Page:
Where is the missing speed?


Mat Coch writes

Lewis Hamilton's pole position lap provided the world with the first opportunity to see the latest generation Formula 1 car being pushed to its absolute limit.

Around the sinuous Albert Park circuit the three-time world champion hustled the Mercedes, recording a time of 1:22.188, sealing pole by more than a quarter of a second from Sebastian Vettel's Ferrari and seemingly establishing himself at the top of the 2017 heap.

It also highlighted a rather inconvenient fact; that despite all the hype and PR mumbo jumbo, the promised increase in speed has failed to materialise.

Behind closed doors paddock insiders are unhappy with the latest generation of cars, which feature unsightly ‘shark fin' and ‘T-wing' solutions.

Broadly speaking they're the only real visible differences a casual observer will notice compared to their 2016 predecessors - only the eagle-eyed would spot the fact the Pirelli tyres are also wider.

Throughout 2016 we were promised aggressive new cars, a statement that was never qualified and has instead seen a wave of ugly ducklings. Perhaps in time they'll bloom into beautiful swans, but under the current regulation set that seems difficult to imagine.

More than the aesthetic aspects however, the numbers simply don't add up. The claims were always for cars that were up to five seconds faster than those from 2016, and changes were made to the Albert Park, among others, to accommodate for the rise in speed.

Admittedly during pre-season testing, Kimi Raikkonen's final day best of 1:18.634 bettered Sebastian Vettel's best from a year earlier by more than four seconds.

That in itself however fails to tell the full story, given by the end of 2016 speeds had already risen in comparison to the start of the year. The four second improvement can therefore likely be halved, making the 2017 spec Formula 1 cars perhaps only two seconds a lap faster in testing - a far cry from the five second improvement we'd been promised.

Pouring more water on that particular fire was the fact Hamilton's pole lap in Australia was only 1.6-seconds faster than his pole position effort from twelve months ago.

"It's a different tyre compound and a different situation," argued McLaren's Eric Boullier when asked if the new ‘aggressive' formula had achieved its goals. "To be honest I don't know.

"We were expecting the car to be faster, and the car was faster in Barcelona, here it's a little bit less."

Conditions for qualifying in 2016 and 2017 in Australia were broadly similar. Track temperature at the start of the session was five degrees warmer, though the air temperature in 2016 was 13 degrees down on this year. These are factors that don't allow for exact side-by-side comparisons, and the warmer temperature wouldn't have helped the turbocharged engines this year, but a 1.6-second advantage is less than half of what was predicted.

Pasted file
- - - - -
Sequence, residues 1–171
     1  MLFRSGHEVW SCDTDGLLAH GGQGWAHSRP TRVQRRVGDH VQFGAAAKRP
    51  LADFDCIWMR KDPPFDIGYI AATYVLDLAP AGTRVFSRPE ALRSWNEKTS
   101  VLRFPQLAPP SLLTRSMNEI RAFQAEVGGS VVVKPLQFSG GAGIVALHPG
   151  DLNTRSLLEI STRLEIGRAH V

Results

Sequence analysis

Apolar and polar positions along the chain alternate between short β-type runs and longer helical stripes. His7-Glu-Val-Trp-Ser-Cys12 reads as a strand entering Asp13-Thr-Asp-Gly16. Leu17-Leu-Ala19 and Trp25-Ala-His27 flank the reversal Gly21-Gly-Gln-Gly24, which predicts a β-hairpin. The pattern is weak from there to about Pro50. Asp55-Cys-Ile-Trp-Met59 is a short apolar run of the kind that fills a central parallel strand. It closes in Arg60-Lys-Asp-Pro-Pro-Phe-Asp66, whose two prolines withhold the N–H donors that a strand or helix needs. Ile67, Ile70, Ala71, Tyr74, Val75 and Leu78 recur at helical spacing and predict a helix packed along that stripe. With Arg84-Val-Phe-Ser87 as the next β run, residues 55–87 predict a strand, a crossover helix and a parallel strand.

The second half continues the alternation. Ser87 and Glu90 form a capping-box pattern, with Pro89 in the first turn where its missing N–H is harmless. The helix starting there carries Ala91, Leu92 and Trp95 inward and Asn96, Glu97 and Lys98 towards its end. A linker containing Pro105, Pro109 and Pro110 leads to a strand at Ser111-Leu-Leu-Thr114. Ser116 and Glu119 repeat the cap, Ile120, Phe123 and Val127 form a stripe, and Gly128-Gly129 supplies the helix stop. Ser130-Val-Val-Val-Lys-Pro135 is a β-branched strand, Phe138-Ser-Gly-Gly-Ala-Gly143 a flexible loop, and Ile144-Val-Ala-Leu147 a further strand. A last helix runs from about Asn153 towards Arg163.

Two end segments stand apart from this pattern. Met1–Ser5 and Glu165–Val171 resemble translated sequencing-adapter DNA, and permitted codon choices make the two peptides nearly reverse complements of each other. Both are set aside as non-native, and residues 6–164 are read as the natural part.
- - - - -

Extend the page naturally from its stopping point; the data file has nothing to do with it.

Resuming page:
According to Haas' Guenther Steiner, that's exactly what he expected to see based on the simulations the American team had run. "They are about where we thought they would be," he responded when asked if lap times were better or worse than the team had predicted in its simulations. "You never know until you get here really.

"You need to live it again because the temperature plays a lot and you cannot simulate for that one. You can simulate, but you don't know where you'll be."

The 1.6-second performance increase could therefore be largely accounted for in the natural evolution of the sport, prompting the awkward question: has this new, aggressive - and no doubt expensive- revamp of the regulations achieved what it claimed, or have we - as Pitpass suggested just two days into pre-season testing - been sold a dummy?

Of course, to form a more accurate picture we must afford the sport an opportunity to prove us wrong, and perhaps the development race will see the pace of cars shoot up dramatically, however on the current evidence one would suggest it has fallen well short of the lofty marker fans had hoped for.

However, a spokesman for a leading team disputed the claim.

"The target was to be 5s quicker than the start of 2015, and Lewis was 4.2s under that pole time," they said. "As Eric said tyres are harder which was a factor that couldn't be calculated at the time.

"But the cars are certainly delivering the expected performance step."

Check out our Saturday gallery from Melbourne, here.

Article from Pitpass (http://www.pitpass.com):

Published: 25/03/2017
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